chex quest

Chex Quest: A 20 Years Later Retrospective on a Cereal-Based Game

Marketing just doesn’t get me anymore. But back then – back in 1996 – I was only six years old. And a six year old tends to be susceptible to all kinds of advertising, especially when it came to the ‘Get N or Get Out’ N64 advertisement. Never before that – and never after that really, was I so susceptible to the feeling of being ‘out.’ Being outside of the cool kids club was unthinkable to me, so of course I got an N64 as soon as I could convince my parents to buy me one.

But before N64 – at least for me, there was Chex Quest. It’s clear to me now that the game is just one giant Doom mod with the express purpose of selling more cereal. But then, it was different. Really, it was my first look at science fiction – the green snot-looking Flemoids were my first encounter with the other kind. Now, I understand that the Flemoids were no more harmful to the Chex Warrior than the common cold. But back then it seemed real, as scary as a horror movie for someone who didn’t know the genre conventions.

Just like the above intro – entirely straight with its ridiculousness – the stakes seemed real; the fact that everyone had a Chex body and human heads and appendages went entirely unquestioned. A Five Star General shaped like a Cheerio? I couldn’t be helped to even question the absurdity of it.

But what was happening – what seemed imminent to me – was the fall of Bazoik, the home planet of the Chex Warrior. The General Mills cereal scientists had lost communication two days ago, and who better to restore contact and peacefully relocate the Flemoids than a six year old controlling the mighty Chex Warrior?

Except I don’t think I quite understood the peaceful part. In my impressionable young mind, it didn’t seem like you were just teleporting the Flemoids back to their own dimension.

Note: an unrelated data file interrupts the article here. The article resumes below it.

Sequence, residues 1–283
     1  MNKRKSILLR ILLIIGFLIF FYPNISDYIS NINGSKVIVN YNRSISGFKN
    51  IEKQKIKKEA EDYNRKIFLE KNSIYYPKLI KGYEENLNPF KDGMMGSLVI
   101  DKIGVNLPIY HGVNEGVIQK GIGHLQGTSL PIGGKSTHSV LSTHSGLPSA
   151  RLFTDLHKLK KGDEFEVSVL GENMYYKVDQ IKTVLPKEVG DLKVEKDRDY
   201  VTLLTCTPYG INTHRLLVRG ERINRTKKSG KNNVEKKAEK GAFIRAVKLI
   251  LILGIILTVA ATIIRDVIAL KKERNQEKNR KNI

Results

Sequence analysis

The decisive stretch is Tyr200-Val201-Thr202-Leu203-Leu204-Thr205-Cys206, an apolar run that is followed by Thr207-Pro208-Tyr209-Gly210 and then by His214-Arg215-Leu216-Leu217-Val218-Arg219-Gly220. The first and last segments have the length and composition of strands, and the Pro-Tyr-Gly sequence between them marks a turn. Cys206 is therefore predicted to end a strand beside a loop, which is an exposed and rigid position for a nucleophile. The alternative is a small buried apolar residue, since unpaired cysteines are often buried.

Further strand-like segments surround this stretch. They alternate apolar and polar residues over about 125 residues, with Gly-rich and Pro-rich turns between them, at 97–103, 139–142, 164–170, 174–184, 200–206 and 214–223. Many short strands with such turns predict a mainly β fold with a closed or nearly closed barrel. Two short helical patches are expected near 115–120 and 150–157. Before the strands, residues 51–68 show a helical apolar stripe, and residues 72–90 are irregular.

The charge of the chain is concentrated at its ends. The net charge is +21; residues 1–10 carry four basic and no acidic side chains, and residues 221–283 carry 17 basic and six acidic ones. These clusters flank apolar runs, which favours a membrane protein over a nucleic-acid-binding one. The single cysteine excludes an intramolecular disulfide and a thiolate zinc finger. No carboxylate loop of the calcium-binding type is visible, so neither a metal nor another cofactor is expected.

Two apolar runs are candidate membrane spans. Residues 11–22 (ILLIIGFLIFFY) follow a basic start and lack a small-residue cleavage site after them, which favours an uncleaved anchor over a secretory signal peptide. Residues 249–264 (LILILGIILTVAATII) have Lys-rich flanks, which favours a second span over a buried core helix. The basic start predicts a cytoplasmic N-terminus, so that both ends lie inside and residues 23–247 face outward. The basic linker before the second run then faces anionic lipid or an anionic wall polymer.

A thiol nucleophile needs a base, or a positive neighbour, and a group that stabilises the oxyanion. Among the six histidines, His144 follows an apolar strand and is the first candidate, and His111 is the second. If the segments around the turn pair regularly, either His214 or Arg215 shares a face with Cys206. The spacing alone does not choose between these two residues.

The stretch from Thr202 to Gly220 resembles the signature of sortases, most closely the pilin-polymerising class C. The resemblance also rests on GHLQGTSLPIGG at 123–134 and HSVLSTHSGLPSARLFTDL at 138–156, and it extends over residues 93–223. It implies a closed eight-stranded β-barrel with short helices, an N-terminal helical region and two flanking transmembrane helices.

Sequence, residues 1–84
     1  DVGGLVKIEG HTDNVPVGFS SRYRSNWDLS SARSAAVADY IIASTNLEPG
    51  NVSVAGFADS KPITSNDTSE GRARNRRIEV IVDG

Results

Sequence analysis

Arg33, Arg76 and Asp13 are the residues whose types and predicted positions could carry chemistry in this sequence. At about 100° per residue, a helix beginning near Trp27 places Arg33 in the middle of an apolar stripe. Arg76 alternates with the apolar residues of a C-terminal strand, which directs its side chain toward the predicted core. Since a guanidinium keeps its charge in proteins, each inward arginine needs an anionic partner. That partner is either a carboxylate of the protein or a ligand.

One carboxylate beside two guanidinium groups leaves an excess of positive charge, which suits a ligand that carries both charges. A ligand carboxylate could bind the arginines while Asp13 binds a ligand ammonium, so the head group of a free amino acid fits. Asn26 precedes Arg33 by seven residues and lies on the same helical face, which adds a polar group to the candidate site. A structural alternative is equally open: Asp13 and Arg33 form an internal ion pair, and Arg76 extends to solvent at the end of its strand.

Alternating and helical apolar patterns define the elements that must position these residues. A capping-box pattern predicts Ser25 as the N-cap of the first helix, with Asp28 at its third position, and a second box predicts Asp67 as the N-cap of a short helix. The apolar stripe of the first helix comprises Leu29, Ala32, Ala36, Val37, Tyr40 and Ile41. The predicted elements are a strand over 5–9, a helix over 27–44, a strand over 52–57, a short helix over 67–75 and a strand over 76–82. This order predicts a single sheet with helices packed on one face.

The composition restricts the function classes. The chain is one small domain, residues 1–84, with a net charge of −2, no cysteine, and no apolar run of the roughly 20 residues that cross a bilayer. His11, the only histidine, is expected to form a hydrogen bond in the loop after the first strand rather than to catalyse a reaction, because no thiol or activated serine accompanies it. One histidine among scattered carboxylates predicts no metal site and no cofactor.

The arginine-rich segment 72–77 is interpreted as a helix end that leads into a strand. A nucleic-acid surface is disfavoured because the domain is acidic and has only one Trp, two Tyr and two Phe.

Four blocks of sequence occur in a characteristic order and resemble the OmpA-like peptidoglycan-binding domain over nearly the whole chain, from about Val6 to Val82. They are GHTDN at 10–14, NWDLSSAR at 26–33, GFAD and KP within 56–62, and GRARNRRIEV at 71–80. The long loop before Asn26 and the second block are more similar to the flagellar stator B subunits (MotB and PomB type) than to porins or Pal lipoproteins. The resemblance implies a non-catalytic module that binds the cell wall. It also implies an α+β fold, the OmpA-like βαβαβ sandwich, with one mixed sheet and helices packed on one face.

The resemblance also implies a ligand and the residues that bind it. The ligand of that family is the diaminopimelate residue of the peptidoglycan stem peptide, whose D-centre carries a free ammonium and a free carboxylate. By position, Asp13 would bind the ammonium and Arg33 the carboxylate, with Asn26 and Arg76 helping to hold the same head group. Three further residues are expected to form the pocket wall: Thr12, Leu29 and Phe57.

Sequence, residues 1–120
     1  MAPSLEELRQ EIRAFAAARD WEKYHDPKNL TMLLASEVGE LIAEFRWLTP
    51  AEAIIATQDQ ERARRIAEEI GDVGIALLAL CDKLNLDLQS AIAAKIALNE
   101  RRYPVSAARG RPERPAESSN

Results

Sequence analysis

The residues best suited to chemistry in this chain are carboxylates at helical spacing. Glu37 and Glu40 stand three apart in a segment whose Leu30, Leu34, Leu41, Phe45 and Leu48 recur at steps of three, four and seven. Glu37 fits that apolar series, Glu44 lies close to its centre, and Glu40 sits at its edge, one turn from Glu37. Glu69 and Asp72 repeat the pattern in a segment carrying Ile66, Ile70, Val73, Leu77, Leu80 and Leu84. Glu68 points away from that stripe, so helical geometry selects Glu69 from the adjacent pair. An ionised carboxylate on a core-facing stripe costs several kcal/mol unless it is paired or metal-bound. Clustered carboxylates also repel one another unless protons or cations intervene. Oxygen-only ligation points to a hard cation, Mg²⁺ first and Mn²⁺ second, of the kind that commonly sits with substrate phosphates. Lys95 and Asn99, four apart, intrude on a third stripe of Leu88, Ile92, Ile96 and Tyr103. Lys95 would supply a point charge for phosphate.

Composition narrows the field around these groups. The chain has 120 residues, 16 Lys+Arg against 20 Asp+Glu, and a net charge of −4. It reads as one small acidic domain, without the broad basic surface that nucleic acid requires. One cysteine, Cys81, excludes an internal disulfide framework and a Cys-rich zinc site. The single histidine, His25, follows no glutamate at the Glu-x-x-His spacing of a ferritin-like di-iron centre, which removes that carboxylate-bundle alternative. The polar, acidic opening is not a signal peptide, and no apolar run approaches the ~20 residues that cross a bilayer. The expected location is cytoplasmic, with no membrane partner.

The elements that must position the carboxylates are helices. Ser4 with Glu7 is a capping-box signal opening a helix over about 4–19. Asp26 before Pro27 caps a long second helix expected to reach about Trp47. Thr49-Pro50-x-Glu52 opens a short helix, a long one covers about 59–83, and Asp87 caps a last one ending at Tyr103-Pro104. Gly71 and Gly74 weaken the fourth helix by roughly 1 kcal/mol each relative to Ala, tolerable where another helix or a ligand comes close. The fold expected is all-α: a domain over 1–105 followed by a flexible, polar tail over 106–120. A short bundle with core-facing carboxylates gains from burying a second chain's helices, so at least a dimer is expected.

Armed with the ‘Zorcher’ – something that looks like what a golden age sci-fi writer imagined TV remotes would look like in the 21st century, the Chex Warrior and I braved hordes of Flemoids, zapping them out of existence – or at least it seemed. Their muted screams of agony and the glimmering sound of the teleportation didn’t help much – it just made me think that I was sending those mucus-y monsters to an early grave.

Was I traumatized? Far from it. I enjoyed it. Like the Chex Warrior between level loading screens, I felt as though I was wiping slimy green mucus off the bottom of my boot. The Flemoids were my enemies – and I, the Chex Warrior – was the bane of their existence.

Should a six year old be thinking this way? Maybe. Or maybe not. But even more ridiculous is the very existence of Chex Quest itself. To create what is supposed to be a wholly nonviolent experience out of Doom, the most violent of the early era of video games, doesn’t just seem ridiculous but totally absurdist. It’s the kind of risk a brand wouldn’t take today, but it somehow propelled Chex into the forefront of many six year olds’ minds.

But while Chex Quest may have violent roots, it made Chex – not just as a cereal, but as a substantial and material product, cool. Unlike other promotional tie-ins of the era like Sneak King or Cool Spot, it didn’t feel like it was selling me a product, but rather an experience. The experience of saving the galaxy, of being the absurd Chex Warrior – with his falsetto masculine voice and the bravado to match – of not just being a brand, but being a savior.
Of course, nowadays I understand what Chex Quest is: a marketing gimmick designed to sell more cereal. But as a six year old, blissfully unaware of the game’s origins, or for the most part, the medium at large, it seemed like it was nothing short of revolutionary.

To think Chex Quest got me into its fantastical world – not just its own universe, but the universe of games at large. All because of a CD in cereal box.

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